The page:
Before moving on we need to define racism. Here is my own definition in two parts:
- The belief that one race is superior to another.
- The belief that any particular individual is any more or less capable because of their race.
Knowing this, here are three examples people typically confuse as being racist which should not qualify.
- Mentioning someone's race to describe them. If you're trying to find out if someone knows a person you're talking about, it's okay to describe them as black, white, asian, or hispanic. I've seen white friends try to avoid bringing up this obviously helpful attribute to the point of it being comical. As another example, in a recent Yahoo article, author Calvin Hennick makes another common mistake, assuming that a person who mentions a person's race to describe an encounter that scared them is racist. The woman described a angry traffic encounter with someone she described as "a big black guy". In this case, the description probably wasn't the most relevant, but unless she described him as a big angry guy and then followed that up with "whisper-cup hands" and softly but intentionally accentuated "...And he was black!" it was probably just the psychology of trust and appearance and not a specific indictment of race.
- Connecting a person's race to cuisine. People of similar cultures often prefer similar fashions, music, and foods oddly enough. Most of us also know that not everyone of a similar culture will like all of the same things, so this may bring questions. So if a white person asks a black person if they like chicken, ribs, or watermelon it may just be an honest question (or jab between trusting friends), but even if a person incorrectly makes assumptions about what someone else may prefer to eat or drink based on race, stereotyping is a far cry from racism.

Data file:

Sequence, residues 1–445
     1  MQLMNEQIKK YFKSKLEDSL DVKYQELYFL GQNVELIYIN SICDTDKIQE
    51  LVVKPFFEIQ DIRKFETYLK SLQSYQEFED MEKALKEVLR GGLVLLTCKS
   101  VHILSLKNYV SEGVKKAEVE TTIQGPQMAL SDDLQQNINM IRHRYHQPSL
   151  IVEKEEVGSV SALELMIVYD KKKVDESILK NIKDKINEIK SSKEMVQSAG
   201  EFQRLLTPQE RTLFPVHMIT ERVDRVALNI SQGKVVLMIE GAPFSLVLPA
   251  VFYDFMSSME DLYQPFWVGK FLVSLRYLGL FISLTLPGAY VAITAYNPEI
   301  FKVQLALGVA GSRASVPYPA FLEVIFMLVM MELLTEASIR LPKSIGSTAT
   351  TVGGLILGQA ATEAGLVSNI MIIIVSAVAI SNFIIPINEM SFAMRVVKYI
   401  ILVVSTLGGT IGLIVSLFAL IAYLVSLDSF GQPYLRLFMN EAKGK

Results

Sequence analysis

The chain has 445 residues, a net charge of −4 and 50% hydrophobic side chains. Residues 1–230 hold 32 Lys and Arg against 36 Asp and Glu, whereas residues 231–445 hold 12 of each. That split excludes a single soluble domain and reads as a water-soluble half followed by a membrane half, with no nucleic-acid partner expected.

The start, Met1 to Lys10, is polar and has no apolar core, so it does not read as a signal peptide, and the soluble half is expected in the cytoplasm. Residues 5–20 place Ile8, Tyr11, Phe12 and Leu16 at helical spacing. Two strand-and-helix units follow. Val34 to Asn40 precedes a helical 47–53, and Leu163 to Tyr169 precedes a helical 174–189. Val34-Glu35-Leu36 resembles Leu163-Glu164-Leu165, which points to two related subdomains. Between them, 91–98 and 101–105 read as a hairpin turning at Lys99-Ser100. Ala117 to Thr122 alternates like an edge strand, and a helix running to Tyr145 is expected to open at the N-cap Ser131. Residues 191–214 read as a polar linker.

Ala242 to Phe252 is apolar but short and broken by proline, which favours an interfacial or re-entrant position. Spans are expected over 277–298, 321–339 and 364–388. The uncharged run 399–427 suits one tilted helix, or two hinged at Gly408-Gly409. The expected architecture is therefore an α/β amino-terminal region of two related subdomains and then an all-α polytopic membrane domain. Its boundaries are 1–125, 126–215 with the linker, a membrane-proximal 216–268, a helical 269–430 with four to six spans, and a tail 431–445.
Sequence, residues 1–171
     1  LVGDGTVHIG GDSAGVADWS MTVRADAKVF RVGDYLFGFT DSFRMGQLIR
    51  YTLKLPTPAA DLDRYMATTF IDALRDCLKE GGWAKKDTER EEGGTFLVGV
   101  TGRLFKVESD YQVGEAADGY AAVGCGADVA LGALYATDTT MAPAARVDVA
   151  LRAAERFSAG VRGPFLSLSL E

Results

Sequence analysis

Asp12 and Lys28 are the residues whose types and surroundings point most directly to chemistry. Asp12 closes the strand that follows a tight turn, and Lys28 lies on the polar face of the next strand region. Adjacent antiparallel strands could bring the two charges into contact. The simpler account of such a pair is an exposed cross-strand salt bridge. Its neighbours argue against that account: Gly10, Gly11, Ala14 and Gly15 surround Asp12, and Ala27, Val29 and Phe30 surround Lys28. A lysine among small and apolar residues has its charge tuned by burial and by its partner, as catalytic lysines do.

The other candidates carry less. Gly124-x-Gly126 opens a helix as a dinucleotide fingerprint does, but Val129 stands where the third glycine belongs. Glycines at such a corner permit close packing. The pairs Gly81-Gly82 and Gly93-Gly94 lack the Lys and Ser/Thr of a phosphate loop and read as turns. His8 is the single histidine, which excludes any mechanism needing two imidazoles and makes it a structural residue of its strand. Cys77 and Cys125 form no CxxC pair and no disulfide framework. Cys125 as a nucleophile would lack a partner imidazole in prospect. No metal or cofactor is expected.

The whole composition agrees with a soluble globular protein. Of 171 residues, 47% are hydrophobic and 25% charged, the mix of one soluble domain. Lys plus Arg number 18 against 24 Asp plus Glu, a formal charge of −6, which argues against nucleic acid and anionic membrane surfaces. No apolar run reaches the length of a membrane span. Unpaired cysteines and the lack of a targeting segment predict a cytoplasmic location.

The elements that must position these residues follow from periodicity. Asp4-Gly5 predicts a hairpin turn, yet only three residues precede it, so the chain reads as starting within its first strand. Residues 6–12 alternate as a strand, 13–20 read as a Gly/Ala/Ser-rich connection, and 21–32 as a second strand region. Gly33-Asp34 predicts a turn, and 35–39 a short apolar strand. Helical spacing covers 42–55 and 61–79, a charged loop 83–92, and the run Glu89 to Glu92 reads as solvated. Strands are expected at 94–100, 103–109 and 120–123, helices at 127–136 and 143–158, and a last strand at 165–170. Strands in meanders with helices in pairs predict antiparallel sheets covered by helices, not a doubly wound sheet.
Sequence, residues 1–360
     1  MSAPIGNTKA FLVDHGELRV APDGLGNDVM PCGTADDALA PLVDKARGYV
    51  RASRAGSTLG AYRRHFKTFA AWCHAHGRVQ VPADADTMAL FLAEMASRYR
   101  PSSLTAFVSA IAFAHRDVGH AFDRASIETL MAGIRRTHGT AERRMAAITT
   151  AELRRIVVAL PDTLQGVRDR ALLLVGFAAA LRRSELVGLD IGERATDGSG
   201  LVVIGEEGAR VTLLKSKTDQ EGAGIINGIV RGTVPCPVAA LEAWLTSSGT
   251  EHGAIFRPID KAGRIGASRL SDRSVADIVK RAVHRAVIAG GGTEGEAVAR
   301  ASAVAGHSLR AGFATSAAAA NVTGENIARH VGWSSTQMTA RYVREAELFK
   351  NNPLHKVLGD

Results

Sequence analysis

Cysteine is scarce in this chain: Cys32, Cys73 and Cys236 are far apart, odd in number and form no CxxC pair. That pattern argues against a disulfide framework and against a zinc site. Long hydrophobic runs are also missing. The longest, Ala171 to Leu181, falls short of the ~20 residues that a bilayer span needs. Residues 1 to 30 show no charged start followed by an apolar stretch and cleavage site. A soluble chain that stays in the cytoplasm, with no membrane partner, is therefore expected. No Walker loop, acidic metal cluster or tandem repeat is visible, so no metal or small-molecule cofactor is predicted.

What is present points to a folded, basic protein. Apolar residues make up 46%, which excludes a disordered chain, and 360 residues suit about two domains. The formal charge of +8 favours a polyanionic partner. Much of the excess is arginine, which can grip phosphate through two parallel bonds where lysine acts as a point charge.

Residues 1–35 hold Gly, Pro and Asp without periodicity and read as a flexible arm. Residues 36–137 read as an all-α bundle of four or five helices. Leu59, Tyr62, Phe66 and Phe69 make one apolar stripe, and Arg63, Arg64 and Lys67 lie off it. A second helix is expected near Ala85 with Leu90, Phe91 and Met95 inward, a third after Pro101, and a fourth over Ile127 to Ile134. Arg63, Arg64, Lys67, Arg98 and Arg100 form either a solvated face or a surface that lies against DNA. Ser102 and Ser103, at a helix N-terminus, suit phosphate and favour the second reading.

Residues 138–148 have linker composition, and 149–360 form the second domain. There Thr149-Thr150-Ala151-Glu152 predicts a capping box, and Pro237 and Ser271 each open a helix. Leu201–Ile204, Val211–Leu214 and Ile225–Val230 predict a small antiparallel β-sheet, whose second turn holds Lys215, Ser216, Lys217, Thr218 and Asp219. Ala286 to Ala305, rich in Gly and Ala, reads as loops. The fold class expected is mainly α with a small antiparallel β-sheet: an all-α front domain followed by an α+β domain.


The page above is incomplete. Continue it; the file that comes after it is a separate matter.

- Loosely correlated subjects or coincidences. Newsweek was recently blasted for this cover about the risks of smuggled bush meat spreading ebola. However, because of the hypersensitivity around past racist literature drawing parallels to people of African decent and chimpanzees, the mere mention of a disease from Africa and a chimp cover made people go ape shit (that was a joke not racism). Even if the editors of Newsweek are racist, there's no proof in that pudding. Another example I have is based on personal experience. In the above mentioned Yahoo article, the author states he doesn't have to worry about being followed in a store even though his son will. While I have no doubt this happens, not every instance of being followed in a store has to do with racism. For example, I would often go to department stores after work with a tie and my ID badge on. This would make people mistake me for a store employee and ask me where the
product was located. Then I'd have to explain I didn't actually work there. One time I happened to be browsing similar merchandise as an African American woman. I didn't really think anything about it until she looked at me angrily and said "why are you following me?".